Recently I have read a number of accounts about brokers and registered reps looking for employees of large organizations and convincing them to roll their retirement accounts into questionable investments with their brokerage firms.  Certainly rolling your 401(k) into an IRA via a trusted financial advisor is a valid strategy but like anything else you need to vet the person suggesting the rollover and the investment strategy they are suggesting.

Avoid high cost financial products

Many financial advisors who make all or part of their income from the sale of financial products will often suggest high cost financial products to implement their financial recommendations.  These might include annuities, certain mutual funds, non-traded REITs, and others.  Be leery and ask about the costs and fees associated with these products.  There is nothing wrong with annuities, but many of them that are pushed by registered reps carry excessive fees and have onerous surrender charges.

In the case of mutual funds, index funds are not the end all be all.  But you should certainly ask the advisor why the large cap actively managed fund with an expense ratio of 1.25% or more that they are suggesting is a better idea than an index fund with an expense ratio of 0.15% or less.

At the end of the day starting early, investing wisely and consistently, and being careful with your retirement savings are excellent ways to avoid the regrets expressed by many of those surveyed by TIAA-CREF.

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  1. I thought there were income limits for Roth IRA and anyone could contribute to a traditional IRA?

    • Roger Wohlner says

      Scott thanks for your comment. You are correct, the income limitation on Traditional IRAs only pertains to the ability to deduct some or all of the contribution on a pre-tax basis. Thanks for pointing this out I made a slight change in the wording of that section to hopefully clear up any confusion.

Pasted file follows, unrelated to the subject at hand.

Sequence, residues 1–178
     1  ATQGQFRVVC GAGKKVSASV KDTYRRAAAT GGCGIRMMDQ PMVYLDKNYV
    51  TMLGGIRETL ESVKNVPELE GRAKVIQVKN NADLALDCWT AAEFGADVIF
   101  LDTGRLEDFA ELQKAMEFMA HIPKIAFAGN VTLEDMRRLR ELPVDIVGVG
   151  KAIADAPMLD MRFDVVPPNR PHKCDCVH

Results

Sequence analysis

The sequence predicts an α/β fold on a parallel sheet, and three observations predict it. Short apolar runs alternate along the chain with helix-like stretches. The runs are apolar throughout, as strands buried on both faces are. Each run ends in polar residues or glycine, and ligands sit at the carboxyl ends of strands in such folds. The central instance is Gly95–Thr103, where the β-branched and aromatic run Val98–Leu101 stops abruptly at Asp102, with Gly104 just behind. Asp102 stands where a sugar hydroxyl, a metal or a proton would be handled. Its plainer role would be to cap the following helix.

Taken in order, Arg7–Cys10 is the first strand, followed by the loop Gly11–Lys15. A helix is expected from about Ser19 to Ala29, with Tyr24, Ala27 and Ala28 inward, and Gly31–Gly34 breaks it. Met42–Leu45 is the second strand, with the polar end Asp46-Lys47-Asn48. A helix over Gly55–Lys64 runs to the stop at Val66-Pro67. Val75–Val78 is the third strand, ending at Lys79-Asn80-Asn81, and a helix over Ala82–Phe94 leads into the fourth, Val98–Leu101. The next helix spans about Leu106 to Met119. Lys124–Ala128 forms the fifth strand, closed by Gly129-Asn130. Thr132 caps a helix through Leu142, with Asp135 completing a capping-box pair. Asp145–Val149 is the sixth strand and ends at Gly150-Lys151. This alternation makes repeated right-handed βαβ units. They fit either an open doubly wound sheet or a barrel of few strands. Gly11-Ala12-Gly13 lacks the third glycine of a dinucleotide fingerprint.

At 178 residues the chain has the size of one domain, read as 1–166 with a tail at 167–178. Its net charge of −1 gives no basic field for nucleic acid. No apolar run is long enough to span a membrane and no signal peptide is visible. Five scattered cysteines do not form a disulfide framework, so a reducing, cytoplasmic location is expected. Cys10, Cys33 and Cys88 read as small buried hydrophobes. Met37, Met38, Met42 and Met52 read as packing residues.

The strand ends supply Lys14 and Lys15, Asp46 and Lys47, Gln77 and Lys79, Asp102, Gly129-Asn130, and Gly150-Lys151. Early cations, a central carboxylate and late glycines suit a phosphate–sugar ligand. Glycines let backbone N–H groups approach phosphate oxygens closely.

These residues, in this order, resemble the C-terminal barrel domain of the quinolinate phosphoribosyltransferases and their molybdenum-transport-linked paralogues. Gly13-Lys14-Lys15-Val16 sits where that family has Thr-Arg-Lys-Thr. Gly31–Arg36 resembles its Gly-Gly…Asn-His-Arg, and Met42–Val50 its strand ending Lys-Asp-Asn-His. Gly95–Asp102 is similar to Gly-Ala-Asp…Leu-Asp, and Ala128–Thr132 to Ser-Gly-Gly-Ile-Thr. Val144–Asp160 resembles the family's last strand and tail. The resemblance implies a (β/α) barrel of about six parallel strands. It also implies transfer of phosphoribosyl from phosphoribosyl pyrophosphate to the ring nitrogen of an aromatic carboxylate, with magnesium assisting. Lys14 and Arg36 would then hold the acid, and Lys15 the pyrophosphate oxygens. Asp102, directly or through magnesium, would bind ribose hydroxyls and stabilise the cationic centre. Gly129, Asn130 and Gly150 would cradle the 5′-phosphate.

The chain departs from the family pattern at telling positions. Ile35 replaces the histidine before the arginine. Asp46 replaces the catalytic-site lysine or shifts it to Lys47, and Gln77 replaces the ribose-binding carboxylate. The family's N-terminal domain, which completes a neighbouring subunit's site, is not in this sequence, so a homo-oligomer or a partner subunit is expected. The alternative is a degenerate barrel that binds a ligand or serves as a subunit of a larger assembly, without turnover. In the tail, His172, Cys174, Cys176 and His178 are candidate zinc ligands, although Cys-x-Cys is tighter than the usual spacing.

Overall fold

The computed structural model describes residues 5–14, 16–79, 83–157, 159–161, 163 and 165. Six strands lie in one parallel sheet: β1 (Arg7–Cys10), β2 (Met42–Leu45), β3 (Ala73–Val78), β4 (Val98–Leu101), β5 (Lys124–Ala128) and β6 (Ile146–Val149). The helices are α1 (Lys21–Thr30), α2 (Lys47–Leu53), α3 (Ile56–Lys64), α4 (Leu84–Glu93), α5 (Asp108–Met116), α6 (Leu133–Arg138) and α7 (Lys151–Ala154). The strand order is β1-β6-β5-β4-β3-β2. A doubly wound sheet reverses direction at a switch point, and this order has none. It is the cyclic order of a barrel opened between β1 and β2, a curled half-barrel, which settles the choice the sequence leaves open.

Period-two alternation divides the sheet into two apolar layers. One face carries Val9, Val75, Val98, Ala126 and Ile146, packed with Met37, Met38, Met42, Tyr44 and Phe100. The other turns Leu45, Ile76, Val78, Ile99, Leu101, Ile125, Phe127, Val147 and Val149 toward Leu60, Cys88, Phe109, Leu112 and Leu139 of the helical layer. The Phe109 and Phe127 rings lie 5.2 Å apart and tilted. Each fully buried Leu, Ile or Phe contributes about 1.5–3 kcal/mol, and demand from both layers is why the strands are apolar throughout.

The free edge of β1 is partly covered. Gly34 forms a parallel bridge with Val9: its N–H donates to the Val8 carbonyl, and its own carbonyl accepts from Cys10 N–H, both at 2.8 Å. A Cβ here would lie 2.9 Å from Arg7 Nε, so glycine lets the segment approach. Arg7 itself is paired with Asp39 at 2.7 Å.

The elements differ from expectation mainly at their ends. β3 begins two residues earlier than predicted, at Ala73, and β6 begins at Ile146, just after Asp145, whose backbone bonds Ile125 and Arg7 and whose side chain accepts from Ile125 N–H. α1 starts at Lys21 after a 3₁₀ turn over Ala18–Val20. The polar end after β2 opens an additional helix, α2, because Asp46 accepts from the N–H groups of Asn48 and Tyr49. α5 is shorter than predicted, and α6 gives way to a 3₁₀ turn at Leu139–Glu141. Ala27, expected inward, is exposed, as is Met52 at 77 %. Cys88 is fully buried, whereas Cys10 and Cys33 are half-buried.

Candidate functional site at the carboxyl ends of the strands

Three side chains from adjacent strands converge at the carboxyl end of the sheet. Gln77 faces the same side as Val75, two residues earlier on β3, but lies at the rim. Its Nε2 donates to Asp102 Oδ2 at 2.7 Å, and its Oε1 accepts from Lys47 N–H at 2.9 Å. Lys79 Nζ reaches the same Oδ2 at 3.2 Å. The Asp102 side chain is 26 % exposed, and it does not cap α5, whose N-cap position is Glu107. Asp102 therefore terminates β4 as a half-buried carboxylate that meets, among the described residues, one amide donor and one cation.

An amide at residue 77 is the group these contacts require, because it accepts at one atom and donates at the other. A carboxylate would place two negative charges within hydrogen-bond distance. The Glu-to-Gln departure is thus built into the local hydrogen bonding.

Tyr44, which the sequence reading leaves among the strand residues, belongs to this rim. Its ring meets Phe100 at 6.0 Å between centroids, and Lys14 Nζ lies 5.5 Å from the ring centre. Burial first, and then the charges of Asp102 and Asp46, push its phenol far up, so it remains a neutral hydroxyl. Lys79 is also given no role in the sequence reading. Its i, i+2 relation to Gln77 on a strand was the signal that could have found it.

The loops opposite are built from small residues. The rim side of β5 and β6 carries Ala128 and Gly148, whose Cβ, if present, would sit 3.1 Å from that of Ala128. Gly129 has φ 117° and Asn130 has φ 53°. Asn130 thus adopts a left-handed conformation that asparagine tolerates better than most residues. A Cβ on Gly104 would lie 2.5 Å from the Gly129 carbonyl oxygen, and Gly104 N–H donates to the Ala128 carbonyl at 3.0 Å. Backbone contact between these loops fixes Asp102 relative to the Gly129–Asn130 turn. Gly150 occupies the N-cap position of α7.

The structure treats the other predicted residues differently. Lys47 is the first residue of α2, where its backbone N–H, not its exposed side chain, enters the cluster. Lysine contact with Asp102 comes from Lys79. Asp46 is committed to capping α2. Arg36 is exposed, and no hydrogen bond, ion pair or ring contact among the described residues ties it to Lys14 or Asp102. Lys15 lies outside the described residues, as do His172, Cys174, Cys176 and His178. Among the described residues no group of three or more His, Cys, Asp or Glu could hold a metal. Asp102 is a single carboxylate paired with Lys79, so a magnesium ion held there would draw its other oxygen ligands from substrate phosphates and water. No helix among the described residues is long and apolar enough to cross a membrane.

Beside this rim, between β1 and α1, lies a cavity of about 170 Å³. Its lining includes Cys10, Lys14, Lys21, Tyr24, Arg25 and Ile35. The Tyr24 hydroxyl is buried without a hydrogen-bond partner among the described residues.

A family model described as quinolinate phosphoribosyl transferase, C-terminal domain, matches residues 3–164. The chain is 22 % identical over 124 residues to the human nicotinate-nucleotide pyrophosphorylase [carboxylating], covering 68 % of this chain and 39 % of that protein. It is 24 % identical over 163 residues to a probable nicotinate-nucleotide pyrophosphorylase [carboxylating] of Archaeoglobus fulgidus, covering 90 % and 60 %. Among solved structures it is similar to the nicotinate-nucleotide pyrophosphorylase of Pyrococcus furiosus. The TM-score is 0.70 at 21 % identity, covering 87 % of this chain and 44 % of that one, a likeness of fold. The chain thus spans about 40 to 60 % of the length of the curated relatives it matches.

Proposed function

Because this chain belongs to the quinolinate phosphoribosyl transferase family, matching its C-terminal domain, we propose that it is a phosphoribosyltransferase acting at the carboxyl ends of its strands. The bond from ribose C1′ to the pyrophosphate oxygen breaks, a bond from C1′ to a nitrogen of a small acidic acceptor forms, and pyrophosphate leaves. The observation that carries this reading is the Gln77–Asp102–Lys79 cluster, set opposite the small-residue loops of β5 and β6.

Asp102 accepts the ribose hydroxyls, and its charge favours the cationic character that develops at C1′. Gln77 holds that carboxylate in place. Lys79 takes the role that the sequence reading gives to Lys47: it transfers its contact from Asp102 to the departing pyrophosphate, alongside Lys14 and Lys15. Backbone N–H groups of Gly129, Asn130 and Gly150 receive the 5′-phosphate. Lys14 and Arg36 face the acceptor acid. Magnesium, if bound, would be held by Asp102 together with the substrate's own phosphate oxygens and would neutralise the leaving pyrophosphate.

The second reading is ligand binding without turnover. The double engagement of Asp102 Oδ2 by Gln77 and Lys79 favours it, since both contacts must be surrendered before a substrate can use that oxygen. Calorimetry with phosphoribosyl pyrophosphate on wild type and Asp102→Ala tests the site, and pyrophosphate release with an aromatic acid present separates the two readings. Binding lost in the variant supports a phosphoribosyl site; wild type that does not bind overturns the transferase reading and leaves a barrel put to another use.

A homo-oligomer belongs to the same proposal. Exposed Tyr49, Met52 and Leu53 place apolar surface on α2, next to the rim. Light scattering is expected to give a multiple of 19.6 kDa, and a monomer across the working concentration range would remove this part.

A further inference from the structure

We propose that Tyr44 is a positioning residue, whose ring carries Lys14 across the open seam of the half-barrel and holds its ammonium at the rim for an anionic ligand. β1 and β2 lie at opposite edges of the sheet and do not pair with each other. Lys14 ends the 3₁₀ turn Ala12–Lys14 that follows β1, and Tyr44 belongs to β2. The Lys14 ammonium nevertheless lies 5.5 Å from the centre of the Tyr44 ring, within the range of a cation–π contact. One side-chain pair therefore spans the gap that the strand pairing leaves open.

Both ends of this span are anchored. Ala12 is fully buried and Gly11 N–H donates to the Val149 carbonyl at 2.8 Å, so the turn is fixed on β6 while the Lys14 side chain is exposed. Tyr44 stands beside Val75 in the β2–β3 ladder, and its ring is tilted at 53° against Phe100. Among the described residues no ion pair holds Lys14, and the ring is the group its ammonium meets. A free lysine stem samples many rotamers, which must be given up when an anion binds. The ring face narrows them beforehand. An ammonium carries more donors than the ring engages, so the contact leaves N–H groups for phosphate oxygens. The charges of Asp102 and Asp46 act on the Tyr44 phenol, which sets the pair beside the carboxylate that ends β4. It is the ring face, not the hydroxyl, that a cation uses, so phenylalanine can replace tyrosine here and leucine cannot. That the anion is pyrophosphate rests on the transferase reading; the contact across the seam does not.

2. Austintatious says

    Thanks for this excellent list of savings tips to help make retirement better. I do want to offer another and I’m more convinced than ever that it is an important one. Think long and hard about the idea of working a bit longer, if you can. Leaving that job earlier, rather than later, probably amounts to forfeiting the single most effective way to save for retirement. For a variety of reasons, working a bit longer may not be possible but, for those having the “luxury”, be aware that there are plenty of retirees who later wish they’d kept those paychecks coming in a bit longer. Just one more year might make a meaningful difference.

  3. Great post! I recently read a book that you may find interesting titled “Build Wealth and Spend It All” by author Stanley Riggs. This book was very different from other financial planning books I’ve read. The author not only focused on building wealth, but actually outlines plans for, and encourages, spending it! Riggs details his personal experiences with what can go wrong from a life of frugal saving and very smartly teaches us what we can do about it.

  4. Thanks for another clear and informative post! Making retirement savings a priority is key. Being active in learning about different parts of your portfolio and keeping that portfolio diversified is helping me to get closer to financial freedom and the security that I (and many other baby boomers) are looking to have. I recently decided I needed to gain more knowledge regarding my annuity strategies. I found a great book called ‘The Annuity Stanifesto’, by Stan Haithcock. It really motivated me to research my options, and I even was able to reach out to the author himself on his website (www.stantheannuityman.com). Hopefully I’ll be able to enlist his help in the near future. I can’t recommend this book enough.

  5. You have some really helpful financial planning tips here. I can see how something as simple as starting early can help with this. I think the earlier you can start, the better off you’ll be.